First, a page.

Although the Public Safety Pension Plan is slightly different, as is the Teachers’, from the Municipal Employees Pension Plan, I’m under the impression that if a person, who’s retired from the system and collecting a pension, returns to work for the State, then their Pension payments stop and they may even have to pay back what they’ve already received.

  5. Publius says:

    The Globe headline” A cunning scheme, a spark of conscience”
    got it wrong. The only reason the Sheriff did not proceed with the scheme was because the Globe had asked him about it. If the sheriff had a conscience, he would have not had started the process at all.

  6. Greg Page says:

    Sean P. Murphy also blew the lid off the Angelo Buonopane no-show scandal during the Romney Administration. Buonopane had a $108,000 appointed job as Director of the Dept. of Labor and Workforce Development but couldn’t be bothered to actually show up, let alone define the job or attempt to perform it. Murphy did old-fashioned stakeout stuff that turned out to be the smoking gun…great stuff, and a good reminder that big news institutions bring resources to bear that help them serve as a watchdog.

  7. Miss-X says:

    Did anyone see this post??

    Mr. Dipaolo:
    Lets set the record straight. You filed your retirement papers with the State retirement board on or about October 2, 2010; one full month before the November 4th election. You were caught by the Globe spotlight team and contacted by several Globe reporters on this issue. You then hastily try to cover your motives by penning a letter to the residents of Middlesex County–just days after your telephone conversations with the reporters–and then mass distribute your letter to various news agencies for immediate publication. Your ‘mea culpa’ does not cut it sir! You, Mr. High Sheriff of Middlesex County got caught with your hand in the cookie jar as did your predecessor, ‘Honest John McGonigle’.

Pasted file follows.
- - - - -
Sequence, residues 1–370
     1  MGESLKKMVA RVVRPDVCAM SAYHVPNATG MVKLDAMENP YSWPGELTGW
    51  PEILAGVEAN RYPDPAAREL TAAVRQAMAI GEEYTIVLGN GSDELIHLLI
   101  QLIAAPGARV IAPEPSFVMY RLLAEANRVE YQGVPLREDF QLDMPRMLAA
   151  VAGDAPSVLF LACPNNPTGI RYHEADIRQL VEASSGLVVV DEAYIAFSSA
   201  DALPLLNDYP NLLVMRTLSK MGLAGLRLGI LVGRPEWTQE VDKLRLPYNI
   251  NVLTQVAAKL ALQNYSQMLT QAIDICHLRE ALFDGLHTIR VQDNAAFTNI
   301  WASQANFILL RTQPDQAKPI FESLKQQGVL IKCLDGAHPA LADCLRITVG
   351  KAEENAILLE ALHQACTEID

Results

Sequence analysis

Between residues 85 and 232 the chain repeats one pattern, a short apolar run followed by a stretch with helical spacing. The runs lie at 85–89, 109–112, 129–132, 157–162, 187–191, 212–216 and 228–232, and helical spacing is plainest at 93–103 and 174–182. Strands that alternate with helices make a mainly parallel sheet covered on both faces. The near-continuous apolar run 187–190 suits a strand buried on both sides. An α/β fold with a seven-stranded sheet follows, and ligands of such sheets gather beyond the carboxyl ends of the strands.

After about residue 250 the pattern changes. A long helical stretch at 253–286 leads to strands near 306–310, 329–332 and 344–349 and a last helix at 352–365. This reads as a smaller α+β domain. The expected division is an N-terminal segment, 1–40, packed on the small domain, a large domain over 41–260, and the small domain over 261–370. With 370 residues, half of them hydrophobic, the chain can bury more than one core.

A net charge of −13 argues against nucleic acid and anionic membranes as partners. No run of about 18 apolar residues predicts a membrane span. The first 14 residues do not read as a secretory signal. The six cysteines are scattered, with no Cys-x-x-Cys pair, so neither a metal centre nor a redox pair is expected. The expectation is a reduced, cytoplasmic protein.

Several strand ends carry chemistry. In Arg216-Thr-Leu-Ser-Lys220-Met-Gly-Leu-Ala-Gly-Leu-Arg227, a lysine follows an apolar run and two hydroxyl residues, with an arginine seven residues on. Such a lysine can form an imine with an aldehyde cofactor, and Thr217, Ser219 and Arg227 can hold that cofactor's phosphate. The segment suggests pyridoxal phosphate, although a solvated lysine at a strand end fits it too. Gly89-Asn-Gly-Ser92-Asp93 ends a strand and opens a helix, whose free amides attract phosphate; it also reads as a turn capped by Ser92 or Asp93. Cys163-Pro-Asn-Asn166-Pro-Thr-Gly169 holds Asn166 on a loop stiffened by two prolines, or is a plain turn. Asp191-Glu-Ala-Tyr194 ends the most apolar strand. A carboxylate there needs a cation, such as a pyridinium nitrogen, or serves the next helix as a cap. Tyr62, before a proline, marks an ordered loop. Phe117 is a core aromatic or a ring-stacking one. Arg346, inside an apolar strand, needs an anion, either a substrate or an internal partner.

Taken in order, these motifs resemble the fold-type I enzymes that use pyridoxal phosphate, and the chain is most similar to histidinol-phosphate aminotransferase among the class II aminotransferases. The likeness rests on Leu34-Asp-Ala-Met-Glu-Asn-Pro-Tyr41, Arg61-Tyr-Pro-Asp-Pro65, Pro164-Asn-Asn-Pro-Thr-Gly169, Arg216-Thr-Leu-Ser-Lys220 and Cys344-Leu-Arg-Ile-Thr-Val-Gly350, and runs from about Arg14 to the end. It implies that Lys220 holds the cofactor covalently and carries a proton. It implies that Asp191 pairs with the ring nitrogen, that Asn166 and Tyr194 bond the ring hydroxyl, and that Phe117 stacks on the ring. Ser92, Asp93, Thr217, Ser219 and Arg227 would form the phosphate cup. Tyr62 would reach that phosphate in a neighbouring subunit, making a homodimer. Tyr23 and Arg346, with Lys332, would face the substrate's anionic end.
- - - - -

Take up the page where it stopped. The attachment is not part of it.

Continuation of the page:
Perhaps now maybe the U.S. Attorney’s office (or by chance, but probably not, your buddy Martha Coakley, the A.G) will delve further into your office and its henchmen such as the retired Lt. Colonel from the state police collecting a pension and at the same time, a State paycheck for running your Framingham Civil Process office (while it seems that his official unmarked car is parked at his residence in Framingham, more than at the Sheriff’s office in Framingham) . And while on the subject of your civil process staffing; perhaps the powers-to- be will look into the fact of the former mbta bus driver running your Cambridge civil process office as, (please excuse me as I try not to laugh) your ‘Chief Deputy Sheriff’, with no college degree or formal education and according to state payroll records raking in over 90K per year and also his wife a secretary in the same office draining the state payroll to the tune of over 76K per year……maybe it is time to move on to other things Mr. Sheriff….before you have more ‘sleepless’ nights after you have been indicted!

  8. sjmcnamara says:

    As I understand it the pension system in MA has four groups (1, 2, 3, 4) most employees fall into group one, group two has (probation, court officers, etc. fall in this category), group three is only state police, group four is public safety ( municipal police, fire, correctional officers, & ADAs, but not AAG)